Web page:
But back to Brooklyn. Until 1898, this was a city of its own, and during the late 19th century, the second or third largest in the whole of the States. Ever since it become incorporated in New York City, it has fought to keep its own identity, and there is a certain pride connected with being a Brooklynite. And right now, Brooklyn is more trendy than ever, with a clear movement of people from the media and design sectors leaving Manhattan for the more creative – and somewhat less expensive – Brooklyn. It is not a coincidence that “The Made in NY Media Center“, a huge new space for people within the creative sector, was placed in Brooklyn.
Another indicator of the Brooklyn resurgence is sports. One of the largest tragedies in Brooklyn history was when the legendary baseball team The Brooklyn Dodgers relocated to Los Angeles in 1957, and left Brooklyn with no major league team in any of the big sports (baseball, basketball, American football, ice hockey). However, in 2012, the basketball team New Jersey Nets relocated to the new Barclays Center in downtown Brooklyn and became the Brooklyn Nets. And next year, the ice hockey team The New York Islanders will also move to the Barclays center. Currently they play in Long Island, which technically is a part of Brooklyn, but culturally something else altogether. Whether The New York Islanders will change its name to The Brooklyn Islanders is still unclear.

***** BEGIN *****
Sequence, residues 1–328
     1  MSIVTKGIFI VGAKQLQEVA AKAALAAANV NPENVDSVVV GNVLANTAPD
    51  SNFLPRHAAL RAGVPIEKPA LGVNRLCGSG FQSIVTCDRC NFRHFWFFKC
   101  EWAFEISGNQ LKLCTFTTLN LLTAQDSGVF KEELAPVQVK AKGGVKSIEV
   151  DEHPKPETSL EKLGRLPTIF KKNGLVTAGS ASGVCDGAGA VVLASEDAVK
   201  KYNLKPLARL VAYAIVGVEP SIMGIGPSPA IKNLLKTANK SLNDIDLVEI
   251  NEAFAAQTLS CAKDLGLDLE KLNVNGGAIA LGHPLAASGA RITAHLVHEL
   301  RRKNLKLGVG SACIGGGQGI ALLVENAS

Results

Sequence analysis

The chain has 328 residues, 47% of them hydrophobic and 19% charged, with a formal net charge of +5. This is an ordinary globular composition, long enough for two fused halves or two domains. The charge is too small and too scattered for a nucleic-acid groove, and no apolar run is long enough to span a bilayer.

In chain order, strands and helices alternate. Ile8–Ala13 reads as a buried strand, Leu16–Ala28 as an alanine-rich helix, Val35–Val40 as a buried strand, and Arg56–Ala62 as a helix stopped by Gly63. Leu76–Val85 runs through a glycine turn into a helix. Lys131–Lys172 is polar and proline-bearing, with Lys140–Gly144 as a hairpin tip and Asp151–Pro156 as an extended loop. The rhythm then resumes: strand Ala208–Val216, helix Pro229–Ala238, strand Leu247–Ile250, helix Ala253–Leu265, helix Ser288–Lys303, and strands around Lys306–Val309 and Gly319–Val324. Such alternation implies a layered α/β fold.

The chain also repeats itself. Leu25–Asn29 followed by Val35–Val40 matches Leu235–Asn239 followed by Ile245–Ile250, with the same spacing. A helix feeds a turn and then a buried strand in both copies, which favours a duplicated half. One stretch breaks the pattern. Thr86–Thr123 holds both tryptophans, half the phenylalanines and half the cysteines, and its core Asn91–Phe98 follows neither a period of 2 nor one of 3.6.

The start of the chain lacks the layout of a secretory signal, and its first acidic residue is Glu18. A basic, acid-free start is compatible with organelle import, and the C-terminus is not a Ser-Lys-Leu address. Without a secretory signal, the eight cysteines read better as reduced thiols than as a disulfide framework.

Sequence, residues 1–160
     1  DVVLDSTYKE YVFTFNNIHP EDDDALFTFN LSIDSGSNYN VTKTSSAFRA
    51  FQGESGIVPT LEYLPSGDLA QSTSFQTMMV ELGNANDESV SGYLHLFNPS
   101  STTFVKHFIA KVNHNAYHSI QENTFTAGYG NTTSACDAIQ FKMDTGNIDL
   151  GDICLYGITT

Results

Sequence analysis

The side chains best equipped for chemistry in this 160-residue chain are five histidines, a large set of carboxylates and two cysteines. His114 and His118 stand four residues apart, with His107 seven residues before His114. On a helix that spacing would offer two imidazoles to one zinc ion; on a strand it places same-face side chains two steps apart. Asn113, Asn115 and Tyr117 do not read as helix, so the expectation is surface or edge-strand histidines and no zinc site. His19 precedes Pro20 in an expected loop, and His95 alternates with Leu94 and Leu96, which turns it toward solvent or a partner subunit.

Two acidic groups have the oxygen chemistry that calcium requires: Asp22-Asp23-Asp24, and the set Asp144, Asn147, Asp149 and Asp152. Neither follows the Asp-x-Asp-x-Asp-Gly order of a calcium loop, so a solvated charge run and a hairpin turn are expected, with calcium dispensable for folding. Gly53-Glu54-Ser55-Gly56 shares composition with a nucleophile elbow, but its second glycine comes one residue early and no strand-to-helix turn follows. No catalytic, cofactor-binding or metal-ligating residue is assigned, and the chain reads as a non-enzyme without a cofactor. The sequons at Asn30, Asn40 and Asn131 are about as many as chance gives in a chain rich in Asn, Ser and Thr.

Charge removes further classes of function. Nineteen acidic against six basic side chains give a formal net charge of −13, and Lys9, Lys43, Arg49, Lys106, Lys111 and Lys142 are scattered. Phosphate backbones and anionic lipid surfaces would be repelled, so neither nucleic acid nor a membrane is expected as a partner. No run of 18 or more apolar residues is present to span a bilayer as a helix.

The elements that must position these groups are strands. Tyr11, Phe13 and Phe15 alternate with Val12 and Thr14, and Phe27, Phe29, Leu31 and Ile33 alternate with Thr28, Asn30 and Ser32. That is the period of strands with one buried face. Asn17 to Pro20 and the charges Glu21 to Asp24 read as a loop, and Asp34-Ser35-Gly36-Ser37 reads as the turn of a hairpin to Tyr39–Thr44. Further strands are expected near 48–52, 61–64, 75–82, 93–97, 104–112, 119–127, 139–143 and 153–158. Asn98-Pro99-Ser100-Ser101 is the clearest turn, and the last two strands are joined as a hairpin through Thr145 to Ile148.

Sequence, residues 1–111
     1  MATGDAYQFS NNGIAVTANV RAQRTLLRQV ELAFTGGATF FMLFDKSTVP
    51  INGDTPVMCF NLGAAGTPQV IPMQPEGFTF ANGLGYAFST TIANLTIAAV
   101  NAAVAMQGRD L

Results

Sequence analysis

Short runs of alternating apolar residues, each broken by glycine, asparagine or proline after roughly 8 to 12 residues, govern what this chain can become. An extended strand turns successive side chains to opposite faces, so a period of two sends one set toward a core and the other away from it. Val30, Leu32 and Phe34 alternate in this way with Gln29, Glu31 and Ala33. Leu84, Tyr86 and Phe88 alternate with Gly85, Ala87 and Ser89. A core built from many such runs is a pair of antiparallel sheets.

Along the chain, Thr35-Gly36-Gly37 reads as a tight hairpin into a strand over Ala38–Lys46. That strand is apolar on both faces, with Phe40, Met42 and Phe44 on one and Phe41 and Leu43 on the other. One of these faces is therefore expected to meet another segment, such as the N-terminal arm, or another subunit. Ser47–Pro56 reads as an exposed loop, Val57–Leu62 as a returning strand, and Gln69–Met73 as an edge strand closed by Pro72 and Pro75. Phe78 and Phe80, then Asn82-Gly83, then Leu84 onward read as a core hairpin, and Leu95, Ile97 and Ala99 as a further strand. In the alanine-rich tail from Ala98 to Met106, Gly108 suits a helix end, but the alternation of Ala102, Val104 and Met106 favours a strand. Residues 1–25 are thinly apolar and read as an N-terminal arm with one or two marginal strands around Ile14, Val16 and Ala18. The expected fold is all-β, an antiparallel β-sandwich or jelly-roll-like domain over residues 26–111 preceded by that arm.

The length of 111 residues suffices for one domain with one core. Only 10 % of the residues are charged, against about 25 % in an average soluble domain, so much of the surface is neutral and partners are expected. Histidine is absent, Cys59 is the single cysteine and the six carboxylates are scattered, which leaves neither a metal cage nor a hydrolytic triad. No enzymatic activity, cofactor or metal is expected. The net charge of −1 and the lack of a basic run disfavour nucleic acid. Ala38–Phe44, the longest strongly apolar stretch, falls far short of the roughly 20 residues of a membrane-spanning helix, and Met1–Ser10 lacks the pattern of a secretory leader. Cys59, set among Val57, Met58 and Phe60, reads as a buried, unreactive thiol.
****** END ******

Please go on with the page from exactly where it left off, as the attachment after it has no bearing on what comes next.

I am not interested in ice hockey. But I like basketball. And it is interesting to follow the transformation of the Nets, and their re-branding. In New Jesrsey, the team colours were red, blue and silver. But when they moved to Brooklyn, the team changed into the more urban black and white. Jay-Z became one of its owners. And he designed the team’s new logo.
I went to this season’s opening home game at the Barclay’s Center, a game against Oklahoma City Thunder, a game the Nets won comfortably. A roaring opening ceremony, parts of which you can see below: “We Are Brooklyn!”
Three months down, one to go…